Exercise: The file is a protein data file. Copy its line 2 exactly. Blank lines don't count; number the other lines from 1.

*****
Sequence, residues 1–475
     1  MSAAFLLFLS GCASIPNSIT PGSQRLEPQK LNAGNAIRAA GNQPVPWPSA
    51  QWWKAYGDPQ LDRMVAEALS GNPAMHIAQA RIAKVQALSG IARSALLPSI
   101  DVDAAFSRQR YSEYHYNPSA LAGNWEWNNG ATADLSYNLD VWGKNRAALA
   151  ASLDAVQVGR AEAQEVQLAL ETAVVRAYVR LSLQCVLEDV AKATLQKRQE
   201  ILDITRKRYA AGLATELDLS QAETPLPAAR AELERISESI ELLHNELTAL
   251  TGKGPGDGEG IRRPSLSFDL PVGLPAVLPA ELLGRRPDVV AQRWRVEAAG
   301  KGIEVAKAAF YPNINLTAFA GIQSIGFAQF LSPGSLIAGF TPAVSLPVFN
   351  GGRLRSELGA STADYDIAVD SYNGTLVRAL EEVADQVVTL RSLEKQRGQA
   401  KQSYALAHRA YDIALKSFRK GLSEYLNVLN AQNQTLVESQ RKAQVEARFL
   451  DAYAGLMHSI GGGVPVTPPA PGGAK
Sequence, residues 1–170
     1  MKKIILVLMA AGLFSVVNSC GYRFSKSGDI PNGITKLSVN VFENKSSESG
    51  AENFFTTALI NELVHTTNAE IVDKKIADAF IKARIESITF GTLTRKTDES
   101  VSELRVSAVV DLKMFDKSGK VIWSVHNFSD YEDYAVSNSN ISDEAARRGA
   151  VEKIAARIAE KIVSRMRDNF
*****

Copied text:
     1  MSAAFLLFLS GCASIPNSIT PGSQRLEPQK LNAGNAIRAA GNQPVPWPSA